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Finding the means to efficiently summarize electroencephalographic data has been a long-standing problem in electrophysiology. A popular approach is identification of component modes on the basis of the time-varying spectrum of multichannel EEG recordings--in other words, a space/frequency/time atomic decomposition of the time-varying EEG spectrum. Previous(More)
Human scalp EEG has demonstrated that global coherence among distant areas increases during cognitive tasks, suggesting that oscillating neural activities work to generate global neuronal assemblies for cognitive functions. The theta oscillation in a frequency range of 4-8 Hz with large amplitudes which emerges during mental tasks around the frontal midline(More)
Dynamic networking of brain regions is suggested to be one of the key factors involved in various brain computations. Central executive function typically requires instantaneous coordination among the medial prefrontal regions and other distant regions, depending on the on-going task situation. In human scalp-recorded electroencephalography (EEG), the(More)
An open question lies in whether or not distributed activities in the distant brain regions are integrated into a coherent ensemble for cognitive information processing. Long-range phase synchronization is often observed by scalp EEG measurements during cognitive tasks and is considered to provide a possible neural principle for the functional integration(More)
The current focus of studies on neural entities for memory maintenance is on the interplay between fast neuronal oscillations in the gamma band and slow oscillations in the theta or delta band. The hierarchical coupling of slow and fast oscillations is crucial for the rehearsal of sensory inputs for short-term storage, as well as for binding sensory inputs(More)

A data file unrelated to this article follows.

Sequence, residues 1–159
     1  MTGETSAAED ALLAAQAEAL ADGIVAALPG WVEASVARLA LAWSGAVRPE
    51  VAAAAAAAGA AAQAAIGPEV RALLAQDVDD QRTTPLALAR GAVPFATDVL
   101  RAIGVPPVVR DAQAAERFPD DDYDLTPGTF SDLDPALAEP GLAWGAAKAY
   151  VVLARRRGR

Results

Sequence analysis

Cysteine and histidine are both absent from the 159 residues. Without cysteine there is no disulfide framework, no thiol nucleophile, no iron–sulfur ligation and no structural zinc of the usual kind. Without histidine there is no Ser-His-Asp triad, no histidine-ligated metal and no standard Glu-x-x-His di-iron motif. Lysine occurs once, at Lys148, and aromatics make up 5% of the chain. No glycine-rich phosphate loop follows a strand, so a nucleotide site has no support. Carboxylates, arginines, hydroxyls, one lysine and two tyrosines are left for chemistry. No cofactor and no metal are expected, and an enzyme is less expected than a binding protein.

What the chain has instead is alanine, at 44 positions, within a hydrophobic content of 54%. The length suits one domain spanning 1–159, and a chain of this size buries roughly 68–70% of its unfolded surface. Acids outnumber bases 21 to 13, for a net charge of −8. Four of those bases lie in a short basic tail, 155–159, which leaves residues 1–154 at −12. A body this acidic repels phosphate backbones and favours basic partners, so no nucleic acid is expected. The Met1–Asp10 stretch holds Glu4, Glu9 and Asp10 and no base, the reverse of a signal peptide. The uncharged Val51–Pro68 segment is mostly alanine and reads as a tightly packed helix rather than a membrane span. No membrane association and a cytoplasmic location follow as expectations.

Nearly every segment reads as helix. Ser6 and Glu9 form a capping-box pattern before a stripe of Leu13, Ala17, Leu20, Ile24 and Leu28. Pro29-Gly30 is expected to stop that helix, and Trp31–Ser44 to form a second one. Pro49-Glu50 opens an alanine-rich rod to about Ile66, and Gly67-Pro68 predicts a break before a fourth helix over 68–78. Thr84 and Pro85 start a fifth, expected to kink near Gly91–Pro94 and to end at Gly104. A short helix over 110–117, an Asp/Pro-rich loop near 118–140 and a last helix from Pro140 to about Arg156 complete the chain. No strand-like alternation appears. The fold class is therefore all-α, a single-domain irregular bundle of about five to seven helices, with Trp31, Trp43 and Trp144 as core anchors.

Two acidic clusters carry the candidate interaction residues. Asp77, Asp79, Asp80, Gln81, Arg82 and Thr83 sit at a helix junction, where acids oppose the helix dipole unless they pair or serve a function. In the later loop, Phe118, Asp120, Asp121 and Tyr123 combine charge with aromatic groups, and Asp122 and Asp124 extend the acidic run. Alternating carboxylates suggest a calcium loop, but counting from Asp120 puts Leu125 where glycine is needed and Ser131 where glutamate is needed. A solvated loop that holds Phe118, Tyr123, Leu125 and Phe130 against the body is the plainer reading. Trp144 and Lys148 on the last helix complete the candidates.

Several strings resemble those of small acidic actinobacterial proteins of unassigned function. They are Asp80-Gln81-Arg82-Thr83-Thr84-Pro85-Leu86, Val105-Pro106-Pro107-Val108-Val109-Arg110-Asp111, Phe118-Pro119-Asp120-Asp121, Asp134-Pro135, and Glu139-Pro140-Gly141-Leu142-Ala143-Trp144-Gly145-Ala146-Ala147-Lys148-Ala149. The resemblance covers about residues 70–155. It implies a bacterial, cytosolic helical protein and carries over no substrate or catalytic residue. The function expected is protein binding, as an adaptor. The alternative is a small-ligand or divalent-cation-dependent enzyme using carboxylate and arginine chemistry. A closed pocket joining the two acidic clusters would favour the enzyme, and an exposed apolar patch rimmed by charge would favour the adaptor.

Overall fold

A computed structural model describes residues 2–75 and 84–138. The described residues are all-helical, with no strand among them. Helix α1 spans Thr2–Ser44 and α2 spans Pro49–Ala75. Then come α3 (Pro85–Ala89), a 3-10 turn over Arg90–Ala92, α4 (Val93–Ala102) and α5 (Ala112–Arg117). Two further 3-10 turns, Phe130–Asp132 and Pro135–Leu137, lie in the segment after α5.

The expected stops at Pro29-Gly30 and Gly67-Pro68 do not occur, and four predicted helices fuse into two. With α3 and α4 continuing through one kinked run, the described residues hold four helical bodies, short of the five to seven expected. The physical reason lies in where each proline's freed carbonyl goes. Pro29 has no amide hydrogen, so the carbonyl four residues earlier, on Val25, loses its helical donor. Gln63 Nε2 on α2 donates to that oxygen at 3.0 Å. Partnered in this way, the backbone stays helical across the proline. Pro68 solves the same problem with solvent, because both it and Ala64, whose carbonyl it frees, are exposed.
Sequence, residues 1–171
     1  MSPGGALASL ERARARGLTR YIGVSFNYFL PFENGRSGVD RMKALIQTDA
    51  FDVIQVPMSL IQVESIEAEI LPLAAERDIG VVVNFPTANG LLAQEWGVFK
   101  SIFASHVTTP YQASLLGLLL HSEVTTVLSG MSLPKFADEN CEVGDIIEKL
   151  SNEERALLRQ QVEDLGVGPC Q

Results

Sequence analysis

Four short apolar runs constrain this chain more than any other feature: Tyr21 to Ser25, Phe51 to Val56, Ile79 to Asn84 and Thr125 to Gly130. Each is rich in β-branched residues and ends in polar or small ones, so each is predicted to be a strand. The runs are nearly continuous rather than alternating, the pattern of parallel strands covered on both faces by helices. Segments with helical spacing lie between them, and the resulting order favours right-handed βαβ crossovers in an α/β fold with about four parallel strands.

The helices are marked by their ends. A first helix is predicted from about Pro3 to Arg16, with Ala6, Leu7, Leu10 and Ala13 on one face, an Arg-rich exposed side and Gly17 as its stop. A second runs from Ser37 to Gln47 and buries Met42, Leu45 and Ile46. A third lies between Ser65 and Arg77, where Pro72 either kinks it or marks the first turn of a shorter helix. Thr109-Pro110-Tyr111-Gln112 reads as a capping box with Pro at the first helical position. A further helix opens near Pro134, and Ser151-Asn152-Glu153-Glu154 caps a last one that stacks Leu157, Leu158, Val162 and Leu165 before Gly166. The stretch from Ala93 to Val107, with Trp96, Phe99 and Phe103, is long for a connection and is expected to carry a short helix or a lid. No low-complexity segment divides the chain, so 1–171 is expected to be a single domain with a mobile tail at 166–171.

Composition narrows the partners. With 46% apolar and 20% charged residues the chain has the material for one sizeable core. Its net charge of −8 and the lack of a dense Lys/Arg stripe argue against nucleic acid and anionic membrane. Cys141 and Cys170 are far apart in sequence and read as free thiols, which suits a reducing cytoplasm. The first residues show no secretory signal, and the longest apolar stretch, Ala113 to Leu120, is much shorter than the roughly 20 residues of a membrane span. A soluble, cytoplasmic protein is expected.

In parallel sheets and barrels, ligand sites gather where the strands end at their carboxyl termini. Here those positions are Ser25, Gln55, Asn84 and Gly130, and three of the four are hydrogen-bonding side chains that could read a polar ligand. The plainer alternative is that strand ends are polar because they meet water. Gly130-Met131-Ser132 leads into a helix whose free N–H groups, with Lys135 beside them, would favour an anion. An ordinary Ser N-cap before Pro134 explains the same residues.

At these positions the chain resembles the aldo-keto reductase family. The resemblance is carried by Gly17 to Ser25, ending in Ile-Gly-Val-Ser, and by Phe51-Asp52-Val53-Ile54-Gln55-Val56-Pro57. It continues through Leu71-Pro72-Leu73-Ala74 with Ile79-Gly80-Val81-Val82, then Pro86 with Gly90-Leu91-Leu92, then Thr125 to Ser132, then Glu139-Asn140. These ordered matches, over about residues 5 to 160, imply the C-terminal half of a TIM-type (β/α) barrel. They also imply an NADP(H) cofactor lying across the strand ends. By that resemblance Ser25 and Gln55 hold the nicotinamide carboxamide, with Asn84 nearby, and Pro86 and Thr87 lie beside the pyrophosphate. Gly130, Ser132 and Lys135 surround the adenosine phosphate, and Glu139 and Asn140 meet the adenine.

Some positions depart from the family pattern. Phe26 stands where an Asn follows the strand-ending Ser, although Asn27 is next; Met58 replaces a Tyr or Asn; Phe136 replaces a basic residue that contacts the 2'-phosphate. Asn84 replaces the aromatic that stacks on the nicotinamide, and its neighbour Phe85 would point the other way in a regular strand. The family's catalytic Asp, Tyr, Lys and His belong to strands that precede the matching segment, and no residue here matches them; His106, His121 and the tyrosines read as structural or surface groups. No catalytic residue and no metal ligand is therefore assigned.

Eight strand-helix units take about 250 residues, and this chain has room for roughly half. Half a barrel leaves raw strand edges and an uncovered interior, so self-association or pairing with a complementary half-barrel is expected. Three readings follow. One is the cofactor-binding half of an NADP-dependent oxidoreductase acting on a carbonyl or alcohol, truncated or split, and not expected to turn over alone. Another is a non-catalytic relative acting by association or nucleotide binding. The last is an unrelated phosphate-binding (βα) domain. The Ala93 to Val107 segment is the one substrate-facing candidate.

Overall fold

Neural oscillations are crucial for revealing dynamic cortical networks and for serving as a possible mechanism of inter-cortical communication, especially in association with mnemonic function. The interplay of the slow and fast oscillations might dynamically coordinate the mnemonic cortical circuits to rehearse stored items during working memory(More)
An ambiguous figure such as the Necker cube causes spontaneous perceptual switching (SPS). The mechanism of SPS in multistable perception has not yet been determined. Although early psychological studies suggested that SPS may be caused by fatigue or satiation of orientation, the neural mechanism of SPS is still unknown. Functional magnetic resonance(More)
The EEG mu rhythm is often used as an index of activation in the sensorimotor cortex. However, the blur caused by volume conduction makes it difficult to identify the exact origin of the EEG rhythm in the brain using only the human scalp EEG. In this study, simultaneous fMRI and EEG measurements were performed during a visually guided motor execution task(More)
The 4-12 Hz (theta rhythm)-dependent neural dynamics play a fundamental role in the memory formation of the rat hippocampus. Although the power of human scalp electroencephalography theta (EEG theta) is known to be associated with a hippocampus-dependent memory encoding, it remains unclear whether the human hippocampus uses theta rhythm. In this study, we(More)